About The Quality Book of Tools

This Quality Book of Tools has been evolving in Ontario, Canada, over the past ten years. In 2000, Dr. Ronald MacVicar, a general practitioner from Inverness in Scotland, offered to help us develop a tool for assessing quality in family practice as part of his sabbatical at McMaster University in Hamilton. Working with local family doctors, we developed an early version called the Hamilton Tool. It was based on the Scottish Quality Practice Awards, which was a well-established program in Scotland. We added some additional indicators to make it more applicable to Hamilton. In 2003, we, at McMaster University, partnered with the Ontario College of Family Physicians, to obtain funding from the Ontario MOHLTC to develop a Quality tool that could be used in family practices throughout Ontario. Adopting elements from New Zealand and Australia, we drafted a tool to test in the Quality in Family Practice program (a voluntary quality assessment program – for more information see www.qualityinfamilypractice.com) in a variety of family practices, in two phases, in 2005 and 2007. In 2008-2009, we undertook an international review of primary care quality-assessment tools and a modified Delphi process with Canadian experts to validate the indicators we had drafted. Over the past year, we have rewritten, refined and categorized the indicators to align with the work being done in quality at the Ontario Health Quality Council and the Institute of Medicine in the United States.

This is the first edition of the Quality Book of Tools. It will continue to evolve as the work progresses and as we discover better ways to measure and assess the quality of family practices in Ontario.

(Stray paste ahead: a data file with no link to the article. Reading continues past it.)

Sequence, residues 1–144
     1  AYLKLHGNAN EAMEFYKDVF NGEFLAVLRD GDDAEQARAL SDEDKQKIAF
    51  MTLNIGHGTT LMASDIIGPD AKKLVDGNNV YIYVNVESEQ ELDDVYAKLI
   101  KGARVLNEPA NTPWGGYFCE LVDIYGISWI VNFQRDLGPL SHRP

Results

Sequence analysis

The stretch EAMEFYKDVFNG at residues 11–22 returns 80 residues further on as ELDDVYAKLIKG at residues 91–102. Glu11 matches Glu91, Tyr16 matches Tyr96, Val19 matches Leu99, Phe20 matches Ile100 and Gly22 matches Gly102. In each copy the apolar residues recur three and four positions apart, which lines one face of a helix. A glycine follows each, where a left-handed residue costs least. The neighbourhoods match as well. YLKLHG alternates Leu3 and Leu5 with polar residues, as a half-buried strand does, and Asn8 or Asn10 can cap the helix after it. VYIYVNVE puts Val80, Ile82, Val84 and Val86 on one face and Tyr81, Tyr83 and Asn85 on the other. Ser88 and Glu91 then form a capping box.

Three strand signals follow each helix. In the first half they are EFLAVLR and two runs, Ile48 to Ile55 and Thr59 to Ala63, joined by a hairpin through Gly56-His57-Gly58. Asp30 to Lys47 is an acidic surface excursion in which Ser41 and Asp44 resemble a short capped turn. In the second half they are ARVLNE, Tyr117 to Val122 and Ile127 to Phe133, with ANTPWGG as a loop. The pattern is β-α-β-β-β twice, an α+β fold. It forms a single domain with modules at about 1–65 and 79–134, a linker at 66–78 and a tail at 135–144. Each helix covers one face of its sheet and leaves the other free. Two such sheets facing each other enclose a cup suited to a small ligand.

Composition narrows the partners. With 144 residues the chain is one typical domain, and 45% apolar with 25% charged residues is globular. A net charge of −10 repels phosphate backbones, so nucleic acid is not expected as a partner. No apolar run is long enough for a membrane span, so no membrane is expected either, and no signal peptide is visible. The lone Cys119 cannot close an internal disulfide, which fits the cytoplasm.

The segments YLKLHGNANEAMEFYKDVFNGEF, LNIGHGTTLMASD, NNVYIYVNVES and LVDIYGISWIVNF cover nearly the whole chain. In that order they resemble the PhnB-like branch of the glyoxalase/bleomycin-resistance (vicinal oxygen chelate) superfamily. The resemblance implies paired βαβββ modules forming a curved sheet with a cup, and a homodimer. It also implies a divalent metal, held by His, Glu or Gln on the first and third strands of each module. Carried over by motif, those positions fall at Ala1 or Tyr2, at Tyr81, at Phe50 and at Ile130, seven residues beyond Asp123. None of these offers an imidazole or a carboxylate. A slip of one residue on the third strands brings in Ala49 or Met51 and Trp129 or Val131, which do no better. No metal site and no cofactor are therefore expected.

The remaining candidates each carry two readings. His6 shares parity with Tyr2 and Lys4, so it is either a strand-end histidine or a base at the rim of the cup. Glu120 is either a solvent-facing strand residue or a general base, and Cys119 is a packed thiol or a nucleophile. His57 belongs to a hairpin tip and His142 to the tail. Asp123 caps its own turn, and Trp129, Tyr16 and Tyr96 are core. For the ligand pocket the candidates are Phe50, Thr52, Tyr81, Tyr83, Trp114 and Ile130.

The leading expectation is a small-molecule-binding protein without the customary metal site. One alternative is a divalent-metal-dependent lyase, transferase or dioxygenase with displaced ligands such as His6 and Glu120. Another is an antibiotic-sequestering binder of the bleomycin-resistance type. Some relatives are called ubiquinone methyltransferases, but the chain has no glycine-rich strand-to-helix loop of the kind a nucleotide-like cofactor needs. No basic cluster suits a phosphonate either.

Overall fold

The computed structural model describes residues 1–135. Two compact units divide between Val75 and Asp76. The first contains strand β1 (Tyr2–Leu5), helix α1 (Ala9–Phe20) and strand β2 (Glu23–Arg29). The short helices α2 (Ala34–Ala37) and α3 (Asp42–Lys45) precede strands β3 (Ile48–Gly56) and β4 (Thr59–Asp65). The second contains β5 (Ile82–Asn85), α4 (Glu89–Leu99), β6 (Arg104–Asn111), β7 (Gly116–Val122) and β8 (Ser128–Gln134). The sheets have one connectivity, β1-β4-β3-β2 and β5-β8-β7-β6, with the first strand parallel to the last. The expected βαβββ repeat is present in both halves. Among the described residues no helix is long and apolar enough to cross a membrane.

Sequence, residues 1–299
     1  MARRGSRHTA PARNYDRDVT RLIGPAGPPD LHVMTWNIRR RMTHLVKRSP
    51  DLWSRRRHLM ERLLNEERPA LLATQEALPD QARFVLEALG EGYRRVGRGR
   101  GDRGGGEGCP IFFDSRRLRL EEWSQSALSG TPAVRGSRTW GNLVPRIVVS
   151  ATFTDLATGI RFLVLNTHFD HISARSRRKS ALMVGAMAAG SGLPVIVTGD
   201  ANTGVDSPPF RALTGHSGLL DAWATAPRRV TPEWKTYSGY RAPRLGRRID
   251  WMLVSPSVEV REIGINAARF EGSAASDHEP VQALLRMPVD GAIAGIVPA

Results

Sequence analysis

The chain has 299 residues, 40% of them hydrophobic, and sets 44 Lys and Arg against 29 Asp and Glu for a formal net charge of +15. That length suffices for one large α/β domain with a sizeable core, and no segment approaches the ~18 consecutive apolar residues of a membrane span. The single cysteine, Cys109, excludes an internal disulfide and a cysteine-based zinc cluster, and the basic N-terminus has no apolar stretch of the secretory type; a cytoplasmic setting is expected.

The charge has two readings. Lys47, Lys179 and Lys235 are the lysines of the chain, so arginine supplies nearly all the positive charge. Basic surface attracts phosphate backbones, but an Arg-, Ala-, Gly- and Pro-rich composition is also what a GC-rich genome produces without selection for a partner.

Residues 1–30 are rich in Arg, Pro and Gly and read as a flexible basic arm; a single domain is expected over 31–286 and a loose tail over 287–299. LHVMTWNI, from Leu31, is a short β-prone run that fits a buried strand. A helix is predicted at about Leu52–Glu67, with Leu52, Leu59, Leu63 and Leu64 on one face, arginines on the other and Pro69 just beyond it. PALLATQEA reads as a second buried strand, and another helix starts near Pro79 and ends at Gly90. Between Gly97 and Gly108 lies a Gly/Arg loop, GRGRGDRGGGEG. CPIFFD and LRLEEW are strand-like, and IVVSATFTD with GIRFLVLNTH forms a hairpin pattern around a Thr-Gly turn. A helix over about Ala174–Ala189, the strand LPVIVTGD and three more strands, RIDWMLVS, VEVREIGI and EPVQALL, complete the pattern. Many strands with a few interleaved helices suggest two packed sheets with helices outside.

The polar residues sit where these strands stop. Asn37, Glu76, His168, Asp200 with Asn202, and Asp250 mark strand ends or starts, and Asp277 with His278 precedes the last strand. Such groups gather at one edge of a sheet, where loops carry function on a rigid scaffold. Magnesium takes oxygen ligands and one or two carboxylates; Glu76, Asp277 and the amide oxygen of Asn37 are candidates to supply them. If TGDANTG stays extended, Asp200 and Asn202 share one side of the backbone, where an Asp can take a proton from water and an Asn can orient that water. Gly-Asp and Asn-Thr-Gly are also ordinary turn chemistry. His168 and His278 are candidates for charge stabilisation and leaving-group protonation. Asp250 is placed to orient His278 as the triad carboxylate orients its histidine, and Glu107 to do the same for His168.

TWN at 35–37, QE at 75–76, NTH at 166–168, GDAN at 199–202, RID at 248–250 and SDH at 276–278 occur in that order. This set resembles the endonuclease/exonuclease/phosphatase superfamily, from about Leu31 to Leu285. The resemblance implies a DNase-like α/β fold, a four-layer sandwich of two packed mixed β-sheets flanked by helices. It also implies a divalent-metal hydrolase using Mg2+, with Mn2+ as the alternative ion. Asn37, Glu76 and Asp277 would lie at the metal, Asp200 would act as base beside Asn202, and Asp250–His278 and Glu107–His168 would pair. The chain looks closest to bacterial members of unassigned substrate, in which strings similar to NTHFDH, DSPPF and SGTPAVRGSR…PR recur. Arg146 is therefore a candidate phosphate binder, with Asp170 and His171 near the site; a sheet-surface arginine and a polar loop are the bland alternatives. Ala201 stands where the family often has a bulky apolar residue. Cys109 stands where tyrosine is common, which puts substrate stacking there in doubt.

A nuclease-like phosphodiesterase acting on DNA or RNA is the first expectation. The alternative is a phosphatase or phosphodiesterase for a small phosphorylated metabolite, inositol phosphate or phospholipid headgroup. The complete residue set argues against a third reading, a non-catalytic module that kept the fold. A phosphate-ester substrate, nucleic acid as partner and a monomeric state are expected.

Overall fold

The Quality Book of Tools is intended to help family doctors and other primary care providers, teachers, researchers and decision makers assess and evaluate the complex nature of primary care. The Tool allows users to categorize the activities of family practices into practice management and clinical effectiveness. The intention is that family practices will use the indicators to facilitate the measurement of performance in family practices, both practice management and clinical.

The Introduction to the Quality Book of Tools includes some details of the history of the Tool’s development and guidance on how to use it. Each of the eight chapters that follow comprises a category, with indicators and criteria specific to a particular part of the practice. Further information, in the form of links to key sites, is provided to help guide the development of improvement processes based on best practices. The up to date links have been collected in a resource database that can be found at quality.resources.machealth.ca.

None of this would have been possible without the administrative skills of Carol Lane, Wendy Chin, Katherine Li and Betty Ho whom we want to thank for helping us convert a messy manuscript into this publication. Thanks also to David Price, Lisa Dolovich, Jan Kasperski and Jennifer McGregor, for reviewing the manuscript and providing helpful suggestions and Dr. Anthony Levinson for creating the resource database. We are grateful to the Department of Family Medicine at McMaster University and the Ontario College of Family Physicians for their ongoing support of this project.

Cheryl Levitt & Linda Hilts
Hamilton, Ontario, November 2010

  • Criteria Symbols

    Legal and Safety – required by law*

    Essential – required to demonstrate best practice

    Desirable – required to demonstrate additional quality

    (*Assumptions about indicators are based on the nature of these indicators and the regulations that qualify them)